has himself left a record in strong English of the way he felt. Writing to Moore in 1811 he says: "The town is a fool, an idiot, and will continue in this red-hot, hissing-hot state about this affair until something else starts up to draw aside its attention. I am determined to lock up my brains and think no more pro bono publico, and I advise you, my friend, to do the same, for we are sure to get nothing but abuse for it."
We are, however, discussing the utility of a method, and while we will not introduce Koch's treatment as an argument for the utility of vivisection until it has been perfected and the medical profession has reached a decision as to its value, we can hardly find a better example of the vivisectional method. Koch's method is that of Jenner perfected by using animals instead of men. His discovery in 1883 of the tubercle bacillus has already become of inestimable value in directing sanitary measures and in recognizing the earlier stages of consumption while cure is possible. This, we are told by an antivivisection writer, "was discovered by the microscope, not by vivisection." How did Koch make this discovery?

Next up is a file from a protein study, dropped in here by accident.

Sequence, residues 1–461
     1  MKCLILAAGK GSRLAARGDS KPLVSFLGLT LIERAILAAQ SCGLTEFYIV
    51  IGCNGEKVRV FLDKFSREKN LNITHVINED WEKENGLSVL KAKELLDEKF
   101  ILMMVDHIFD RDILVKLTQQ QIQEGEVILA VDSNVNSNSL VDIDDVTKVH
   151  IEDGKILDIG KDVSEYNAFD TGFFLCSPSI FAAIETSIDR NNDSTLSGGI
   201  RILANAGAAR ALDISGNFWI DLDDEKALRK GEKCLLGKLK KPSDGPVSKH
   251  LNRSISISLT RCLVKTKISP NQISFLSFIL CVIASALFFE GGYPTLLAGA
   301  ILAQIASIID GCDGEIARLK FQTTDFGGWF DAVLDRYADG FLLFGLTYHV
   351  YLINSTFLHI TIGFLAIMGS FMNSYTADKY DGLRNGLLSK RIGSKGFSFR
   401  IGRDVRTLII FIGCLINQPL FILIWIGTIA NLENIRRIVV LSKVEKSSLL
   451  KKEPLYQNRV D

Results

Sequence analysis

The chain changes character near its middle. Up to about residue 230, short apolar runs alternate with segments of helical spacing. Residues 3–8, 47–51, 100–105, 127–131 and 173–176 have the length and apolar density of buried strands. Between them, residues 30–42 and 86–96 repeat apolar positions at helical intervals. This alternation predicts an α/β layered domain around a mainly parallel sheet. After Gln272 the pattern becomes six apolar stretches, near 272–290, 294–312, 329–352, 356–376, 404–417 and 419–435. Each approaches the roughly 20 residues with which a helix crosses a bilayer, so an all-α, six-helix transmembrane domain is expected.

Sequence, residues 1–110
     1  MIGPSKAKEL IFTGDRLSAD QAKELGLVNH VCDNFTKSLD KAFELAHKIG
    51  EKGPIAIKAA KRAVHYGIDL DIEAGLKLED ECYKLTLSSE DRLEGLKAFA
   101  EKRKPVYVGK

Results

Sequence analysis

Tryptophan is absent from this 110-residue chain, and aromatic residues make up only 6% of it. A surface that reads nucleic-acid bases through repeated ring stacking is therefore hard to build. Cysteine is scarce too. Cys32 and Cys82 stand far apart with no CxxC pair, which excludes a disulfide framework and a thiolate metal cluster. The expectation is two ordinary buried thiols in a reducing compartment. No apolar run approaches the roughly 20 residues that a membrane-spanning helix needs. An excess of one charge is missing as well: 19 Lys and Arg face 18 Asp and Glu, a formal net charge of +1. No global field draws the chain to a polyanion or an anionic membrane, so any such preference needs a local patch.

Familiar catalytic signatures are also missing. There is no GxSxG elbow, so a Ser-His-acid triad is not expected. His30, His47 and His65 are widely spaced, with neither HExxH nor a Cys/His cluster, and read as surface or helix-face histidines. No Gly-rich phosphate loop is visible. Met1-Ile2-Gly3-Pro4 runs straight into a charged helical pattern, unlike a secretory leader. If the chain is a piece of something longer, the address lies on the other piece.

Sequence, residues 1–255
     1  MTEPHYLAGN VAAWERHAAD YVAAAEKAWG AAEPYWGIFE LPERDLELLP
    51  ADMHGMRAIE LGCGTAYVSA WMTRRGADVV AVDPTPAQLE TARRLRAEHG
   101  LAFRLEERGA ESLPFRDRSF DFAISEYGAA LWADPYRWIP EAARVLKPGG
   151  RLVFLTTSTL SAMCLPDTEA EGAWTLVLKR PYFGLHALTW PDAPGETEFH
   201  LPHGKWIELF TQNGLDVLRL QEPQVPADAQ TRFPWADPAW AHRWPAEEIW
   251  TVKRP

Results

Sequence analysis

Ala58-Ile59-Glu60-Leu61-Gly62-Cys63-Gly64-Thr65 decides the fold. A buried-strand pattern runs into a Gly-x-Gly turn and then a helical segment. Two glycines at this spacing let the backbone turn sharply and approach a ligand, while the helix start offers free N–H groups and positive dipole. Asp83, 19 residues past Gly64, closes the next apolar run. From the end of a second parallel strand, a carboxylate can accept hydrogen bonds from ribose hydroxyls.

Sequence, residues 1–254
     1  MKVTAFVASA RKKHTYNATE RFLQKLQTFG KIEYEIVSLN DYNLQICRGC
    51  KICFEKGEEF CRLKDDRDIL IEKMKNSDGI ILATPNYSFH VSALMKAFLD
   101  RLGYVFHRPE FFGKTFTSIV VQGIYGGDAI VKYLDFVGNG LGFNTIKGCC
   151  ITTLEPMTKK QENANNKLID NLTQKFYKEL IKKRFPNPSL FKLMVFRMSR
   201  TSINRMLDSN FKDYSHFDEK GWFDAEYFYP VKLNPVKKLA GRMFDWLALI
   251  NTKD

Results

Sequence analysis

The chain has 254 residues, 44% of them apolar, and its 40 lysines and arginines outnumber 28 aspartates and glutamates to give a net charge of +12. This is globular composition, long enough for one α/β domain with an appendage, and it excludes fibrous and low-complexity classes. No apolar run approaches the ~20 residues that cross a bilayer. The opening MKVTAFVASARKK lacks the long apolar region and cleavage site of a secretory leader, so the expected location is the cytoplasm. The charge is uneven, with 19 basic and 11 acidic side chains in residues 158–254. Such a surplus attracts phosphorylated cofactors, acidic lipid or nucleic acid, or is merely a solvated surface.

It is true the microscope assisted as spectacles help to read. But Koch, in the examination of tuberculous matter, discovered a number of germs with the microscope. Which one of these caused consumption no number of microscopes could tell him. This had to be settled by most careful experiments. There are several steps in the process. The first is to identify all the different kinds of microbes found constantly in tuberculous bodies. For convenience we will call these microbes a, b, c, d. These are mingled together. The second step is to cultivate these germs in one test tube after another until perfectly "pure cultures" are obtained—i. e., nothing but a's in one, nothing but b's in another, and so on. Up to this stage he has not the least idea which of these is the germ of consumption. The only way he can determine this point is by experimenting upon living animals. He must then inoculate a number of healthy animals, one with germ a, another with germ b, another with germ c, another with germ d. The four animals are now watched carefully. The animal inoculated with germ a, we will say, sickens and dies with unmistakable symptoms of tuberculosis. Those inoculated with germs b, c, and d are not affected. He repeats the experiment several times, and if each time with the same result is justified in concluding that germ a is the cause of tuberculosis, while the other germs are harmless.
This is but the first stage in the investigation. After the dis-
- Crookshank, op. cit., fol, i, p. 139.
- Ernest Bell, M. A. Weighed and Found Wanting, Victoria St. Society publication.